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      04-27-2004
To everyone who has helped me by replying to this, thank you!

My confusion started with the explanation of inner classes as "getting
access to the members of its enclosing class". From this I assumed that this
access was just made available, also to the inner class's callable
interface. In other words, I thought it was bigger than it actually was.

To use the example from Chris Smith:

public class Test
{
public static void main(String[] args)
{
new Test2().new TestInner().printMessage();
}
}

class Test2
{
public void printMessage()
{
System.out.println("Test message");
}

class TestInner
{
}
}


Yes, I can see now that this doesn't work. However, the call here to
printMessage(), had it been done within the class TestInner, would have.

The principles of "hiding" members from the outer class from within the
inner class have many parallels with overriding, so it is easy to get
confused. My dissatisfaction started because I realised I could "hide" a
method from the outer class by making one with an identical signature from
an inner class, but once I did that I could never actually get a-hold of the
outer class with something like "super". But more about this later.

First, two observations:
First observation: the literature makes a *real* lousy job of explaining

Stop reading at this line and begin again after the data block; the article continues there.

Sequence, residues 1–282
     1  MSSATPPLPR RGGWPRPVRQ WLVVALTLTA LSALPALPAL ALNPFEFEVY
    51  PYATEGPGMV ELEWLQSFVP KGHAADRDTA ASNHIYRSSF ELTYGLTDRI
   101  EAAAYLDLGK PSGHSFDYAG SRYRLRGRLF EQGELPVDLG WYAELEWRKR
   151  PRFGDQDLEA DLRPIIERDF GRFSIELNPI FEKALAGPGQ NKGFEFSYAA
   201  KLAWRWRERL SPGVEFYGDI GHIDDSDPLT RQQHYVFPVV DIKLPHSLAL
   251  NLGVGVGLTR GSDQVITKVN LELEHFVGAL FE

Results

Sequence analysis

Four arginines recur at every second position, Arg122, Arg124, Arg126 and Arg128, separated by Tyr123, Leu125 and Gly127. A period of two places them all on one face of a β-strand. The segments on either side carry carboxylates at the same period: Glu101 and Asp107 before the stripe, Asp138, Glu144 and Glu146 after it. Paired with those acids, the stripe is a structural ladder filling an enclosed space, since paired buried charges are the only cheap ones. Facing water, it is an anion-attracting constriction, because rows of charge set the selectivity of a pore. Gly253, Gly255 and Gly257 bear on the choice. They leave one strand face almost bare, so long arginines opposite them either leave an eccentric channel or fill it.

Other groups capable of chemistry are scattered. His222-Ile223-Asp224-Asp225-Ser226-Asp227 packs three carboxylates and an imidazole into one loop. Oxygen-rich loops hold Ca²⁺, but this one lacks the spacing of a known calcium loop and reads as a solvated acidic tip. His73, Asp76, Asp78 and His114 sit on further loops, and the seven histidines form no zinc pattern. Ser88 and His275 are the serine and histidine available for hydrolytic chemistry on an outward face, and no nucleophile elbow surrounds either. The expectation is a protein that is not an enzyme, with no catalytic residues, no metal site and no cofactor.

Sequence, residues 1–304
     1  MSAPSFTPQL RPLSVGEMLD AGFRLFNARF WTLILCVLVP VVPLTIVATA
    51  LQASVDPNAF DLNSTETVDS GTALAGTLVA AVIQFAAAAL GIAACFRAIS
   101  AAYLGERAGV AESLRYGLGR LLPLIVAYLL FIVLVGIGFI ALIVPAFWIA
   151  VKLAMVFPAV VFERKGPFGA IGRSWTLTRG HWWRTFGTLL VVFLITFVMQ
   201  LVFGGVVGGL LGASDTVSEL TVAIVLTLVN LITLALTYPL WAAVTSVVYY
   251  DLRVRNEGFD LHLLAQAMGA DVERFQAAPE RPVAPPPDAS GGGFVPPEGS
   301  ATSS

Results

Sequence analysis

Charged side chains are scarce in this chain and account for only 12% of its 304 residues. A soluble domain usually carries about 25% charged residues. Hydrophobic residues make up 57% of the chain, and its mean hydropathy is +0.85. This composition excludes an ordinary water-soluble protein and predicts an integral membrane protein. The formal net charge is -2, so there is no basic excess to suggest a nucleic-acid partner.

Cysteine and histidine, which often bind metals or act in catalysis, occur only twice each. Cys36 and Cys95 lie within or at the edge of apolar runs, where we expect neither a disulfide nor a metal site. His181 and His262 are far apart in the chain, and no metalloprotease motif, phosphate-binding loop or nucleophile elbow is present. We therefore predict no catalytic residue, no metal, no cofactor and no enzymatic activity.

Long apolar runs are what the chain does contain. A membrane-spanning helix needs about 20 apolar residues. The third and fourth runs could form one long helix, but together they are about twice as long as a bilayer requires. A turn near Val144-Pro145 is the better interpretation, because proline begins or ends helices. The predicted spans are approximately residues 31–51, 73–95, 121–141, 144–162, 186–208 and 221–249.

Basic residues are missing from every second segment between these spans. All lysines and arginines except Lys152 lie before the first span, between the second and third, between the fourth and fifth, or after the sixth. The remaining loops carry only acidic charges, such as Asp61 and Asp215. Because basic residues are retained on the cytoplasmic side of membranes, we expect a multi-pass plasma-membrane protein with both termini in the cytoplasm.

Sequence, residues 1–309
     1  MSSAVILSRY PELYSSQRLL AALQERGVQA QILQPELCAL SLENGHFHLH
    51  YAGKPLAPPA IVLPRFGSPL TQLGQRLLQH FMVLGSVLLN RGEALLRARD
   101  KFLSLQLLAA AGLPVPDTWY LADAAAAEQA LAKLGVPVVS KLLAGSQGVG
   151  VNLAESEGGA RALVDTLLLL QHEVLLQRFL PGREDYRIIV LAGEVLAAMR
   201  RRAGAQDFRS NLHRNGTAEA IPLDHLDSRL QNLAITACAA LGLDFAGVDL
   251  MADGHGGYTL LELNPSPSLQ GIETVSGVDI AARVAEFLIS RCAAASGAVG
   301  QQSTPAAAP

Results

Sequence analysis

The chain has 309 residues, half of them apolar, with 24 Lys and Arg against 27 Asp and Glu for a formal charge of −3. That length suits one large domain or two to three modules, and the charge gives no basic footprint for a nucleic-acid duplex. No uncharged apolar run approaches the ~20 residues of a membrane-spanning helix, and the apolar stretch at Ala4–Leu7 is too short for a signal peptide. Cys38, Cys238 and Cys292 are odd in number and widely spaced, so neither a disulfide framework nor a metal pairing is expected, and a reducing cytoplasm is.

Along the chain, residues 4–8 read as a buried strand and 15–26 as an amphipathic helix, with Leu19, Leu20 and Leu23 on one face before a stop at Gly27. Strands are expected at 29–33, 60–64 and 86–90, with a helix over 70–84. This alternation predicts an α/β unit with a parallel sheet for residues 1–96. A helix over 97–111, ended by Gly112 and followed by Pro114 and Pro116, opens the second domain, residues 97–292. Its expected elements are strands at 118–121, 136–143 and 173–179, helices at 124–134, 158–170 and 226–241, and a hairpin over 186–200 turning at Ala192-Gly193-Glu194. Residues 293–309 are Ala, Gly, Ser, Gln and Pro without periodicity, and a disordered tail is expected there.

this. Take Heller&Roberts book "Complete Java 2 Certification Study Guide
Fourth Edition". When they talk about reusing method names, very
specifically, they say "As you construct classes and add methods to them, in
some circumstances you will want to re-use the same name for a method. You
can do so two ways with Java. Re-using the same method name with different
arguments and perhaps a different return type is known as overloading. Using
the same method name with identical arguments and return type is known as
overriding." Apparantly this statement is incorrect or at best incomplete -
there is also this "hiding" thing. Since what I was doing was using the same
method name with identical arguments and return type, well, it just *had* to
be overriding, right? Well, sure shows me!

As a second example, take Peter van der Linden's book "Just Java 2 - Fifth
edition". He says, in his chapter on Polymorphism: "Polymorphism is a
complicated name for a straightforward concept. It is Greek for 'many
shapes' and it merely means using the same one name to refer to different
methods. 'Name reuse' would be a better term. There are two types of
polymorphism in Java: the really easy kind (overloading) and the interesting
kind (overriding)." Same thing here, there's nothing on this hiding trick
you do with inner classes.

Second observation, this "hiding" principle is still iffy. Even if it it's
true that an inner class does not override the methods of its outer class
(as Chris and others have demonstrated) still it is possible for an inner
class to extend one of the methods of the outer class, much like a subclass
would do for its parent. Fortunately I read a bit from Bruce Eckel's book
where he explains this - and I've made a sample program to demonstrate:

package temptests;

class inners2
{

void printMessage()
{
System.out.println("hidiho");
}

public static void main(String[] args)